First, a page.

Consider Sacrificial Anode

A sacrificial anode is also another prevention solution. The anode should be anodic to both materials. Also, putting up a sacrificial anode can help prevent galvanic corrosion.

Add Corrosion Inhibitor

Another way of preventing galvanic corrosion is by adding a corrosion inhibitor to the environment. The main purpose of a corrosion inhibitor is to prevent corrosion.  You add corrosion inhibitors to the electrolyte to inhibit the chemical reactions that cause galvanic corrosion.

Examples Of Galvanic Corrosion

Examples Of Galvanic Corrosion
Examples Of Galvanic Corrosion

Copper Is Cathode While Zinc Is Anode

The circuit is completed when copper and zinc metal are immersed in an electrolyte. The electrolyte can be an aqueous solution that has any salt such as copper sulfate. Zinc begins to oxidize now due to its higher oxidation potential than the cathode.

As a result, zinc begins to corrode and form zinc ions gradually.

Copper ions, on the other hand, begin to gain electrons and are reduced, allowing them to be protected. The procedure is repeated until the zinc electrode is completely dissolved. Also, the hydrogen ions in the electrolyte are also reduced to hydrogen gas, which is visible as bubbles at the cathode.

Steel And Aluminum

When you place both steel and aluminum in an electrolyte, aluminum will act as an anode and will start corroding faster. On the other hand, steel as a cathode will be protected and hence will not corrode.

Iron And Zinc

A sheet of iron, galvanized iron or steel that has a zinc coating can be another example of galvanic corrosion.  When the coating that protects the zinc is interfered with, the underlying steel is safe from attack. What happens is the zinc undergoes corrosion and after that, the base metal starts rusting.

Tin And Steel

Regarding a conventional tin can, the complete opposite happens. Here tin is nobler than steel, the steel below is attacked as soon as the tin coating breaks. You can also take an example of the statue of liberty.

The corrosion took place between the support structure made of iron and the exterior made up of copper. That is, the iron support structure went through corrosion.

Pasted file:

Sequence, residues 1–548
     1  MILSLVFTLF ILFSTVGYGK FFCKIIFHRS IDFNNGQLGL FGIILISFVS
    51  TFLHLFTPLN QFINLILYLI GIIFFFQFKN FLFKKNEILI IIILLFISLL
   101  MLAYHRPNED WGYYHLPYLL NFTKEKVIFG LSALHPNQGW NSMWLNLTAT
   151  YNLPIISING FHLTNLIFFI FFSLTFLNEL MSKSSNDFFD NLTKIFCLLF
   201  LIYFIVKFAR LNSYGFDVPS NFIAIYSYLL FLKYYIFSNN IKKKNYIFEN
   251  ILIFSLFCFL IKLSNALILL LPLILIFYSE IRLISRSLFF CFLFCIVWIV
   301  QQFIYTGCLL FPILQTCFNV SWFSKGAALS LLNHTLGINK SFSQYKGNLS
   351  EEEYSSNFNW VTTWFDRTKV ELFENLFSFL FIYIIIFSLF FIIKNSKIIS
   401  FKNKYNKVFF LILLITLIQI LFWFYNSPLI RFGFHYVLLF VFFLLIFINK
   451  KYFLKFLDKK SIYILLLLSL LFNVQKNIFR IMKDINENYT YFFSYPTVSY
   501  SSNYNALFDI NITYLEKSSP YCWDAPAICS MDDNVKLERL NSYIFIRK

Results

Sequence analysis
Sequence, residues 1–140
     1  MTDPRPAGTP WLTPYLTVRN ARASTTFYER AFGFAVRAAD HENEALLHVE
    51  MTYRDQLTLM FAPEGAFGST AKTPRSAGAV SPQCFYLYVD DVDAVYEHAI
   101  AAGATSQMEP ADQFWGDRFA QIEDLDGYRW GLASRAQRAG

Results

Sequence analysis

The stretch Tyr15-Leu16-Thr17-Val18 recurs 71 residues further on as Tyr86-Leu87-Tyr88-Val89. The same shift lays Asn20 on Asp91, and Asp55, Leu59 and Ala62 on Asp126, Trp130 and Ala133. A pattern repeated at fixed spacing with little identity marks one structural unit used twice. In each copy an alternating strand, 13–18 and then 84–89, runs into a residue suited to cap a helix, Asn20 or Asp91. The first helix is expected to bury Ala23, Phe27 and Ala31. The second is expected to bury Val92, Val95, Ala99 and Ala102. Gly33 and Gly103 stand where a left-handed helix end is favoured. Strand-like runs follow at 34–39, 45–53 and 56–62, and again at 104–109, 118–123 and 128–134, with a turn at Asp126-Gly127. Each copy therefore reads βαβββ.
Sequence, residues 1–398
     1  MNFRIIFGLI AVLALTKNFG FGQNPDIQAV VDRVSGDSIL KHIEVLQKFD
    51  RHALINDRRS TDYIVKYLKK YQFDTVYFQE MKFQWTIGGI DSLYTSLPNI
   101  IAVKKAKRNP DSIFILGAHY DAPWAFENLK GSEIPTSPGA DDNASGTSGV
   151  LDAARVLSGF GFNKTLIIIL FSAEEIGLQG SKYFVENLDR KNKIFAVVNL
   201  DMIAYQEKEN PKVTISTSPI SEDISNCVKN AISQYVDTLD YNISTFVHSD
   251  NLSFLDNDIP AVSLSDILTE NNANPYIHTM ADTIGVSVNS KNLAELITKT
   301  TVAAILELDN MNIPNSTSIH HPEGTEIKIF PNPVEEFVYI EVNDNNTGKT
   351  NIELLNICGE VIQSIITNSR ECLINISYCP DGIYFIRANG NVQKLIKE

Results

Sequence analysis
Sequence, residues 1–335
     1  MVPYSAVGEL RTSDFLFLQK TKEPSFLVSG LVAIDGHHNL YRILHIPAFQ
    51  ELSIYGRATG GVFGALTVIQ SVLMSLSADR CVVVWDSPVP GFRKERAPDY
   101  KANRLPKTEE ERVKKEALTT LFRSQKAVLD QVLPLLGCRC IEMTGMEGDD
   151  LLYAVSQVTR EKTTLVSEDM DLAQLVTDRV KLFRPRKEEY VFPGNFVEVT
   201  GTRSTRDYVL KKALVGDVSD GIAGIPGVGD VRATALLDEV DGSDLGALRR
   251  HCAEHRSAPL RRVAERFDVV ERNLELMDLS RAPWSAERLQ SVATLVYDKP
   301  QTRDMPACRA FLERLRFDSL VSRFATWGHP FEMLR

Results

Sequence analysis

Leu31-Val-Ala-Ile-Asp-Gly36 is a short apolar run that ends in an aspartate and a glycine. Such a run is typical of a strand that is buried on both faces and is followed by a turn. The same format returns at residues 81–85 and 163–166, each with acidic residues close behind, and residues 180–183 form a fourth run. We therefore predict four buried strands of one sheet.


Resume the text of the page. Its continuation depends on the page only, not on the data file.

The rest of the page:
Galvanic corrosion also occurred in the combat ship.

There was an aluminum hull in the ship that had a steel water jet propulsion system connected to it.

In this corrosion, the aluminum hull played as an anode toward steel.

People Also Ask:

What Causes Galvanic Corrosion?

In an instance where two metals that are not similar are put in a conductive solution and are connected electronically galvanic corrosion takes place. Galvanic corrosion takes place when an electrolyte that gives a medium for the movement of ions is present and when there is an electric conducting path connecting the metals.

Is Galvanic Corrosion Same As Rusting?

No, galvanic corrosion is not the same as rusting. Rust only affects iron and its alloys while corrosion affects so many objects.

How Do You Prevent Galvanic Corrosion?

You can prevent galvanic corrosion using several ways including;

  • Insulation breaks the electrical path
  • Corrosion inhibitors inhibit the chemical reactions that cause galvanic corrosion
  • Breaking the electrical connection of the materials
  • Coating the materials
  • Selecting materials with the same corrosion potential
  • Inserting a good-sized spacer
Can You Reverse Galvanic Corrosion?

Yes, you can reverse galvanic corrosion. You can reverse the corrosion by using a sacrificial anode.

What Are The Critical Conditions For Galvanic Corrosion To Happen?

The main conditions for galvanic corrosion to happen is:

  • Both the cathode, the anode, an electrolyte, and a return current path have to be present.
  • There should be the presence of an electrolyte.
  • The two metals should be in electrical continuity.
  • Metals that are not similar should be present.
Will Galvanic Corrosion Occur In Air?

Yes, galvanic corrosion can occur in the air. Contrary to the popular belief that galvanic corrosion only occurs in water.

More Resources:

Galvanic Corrosion

Dissimilar Metal Corrosion

Bimetallic Corrosion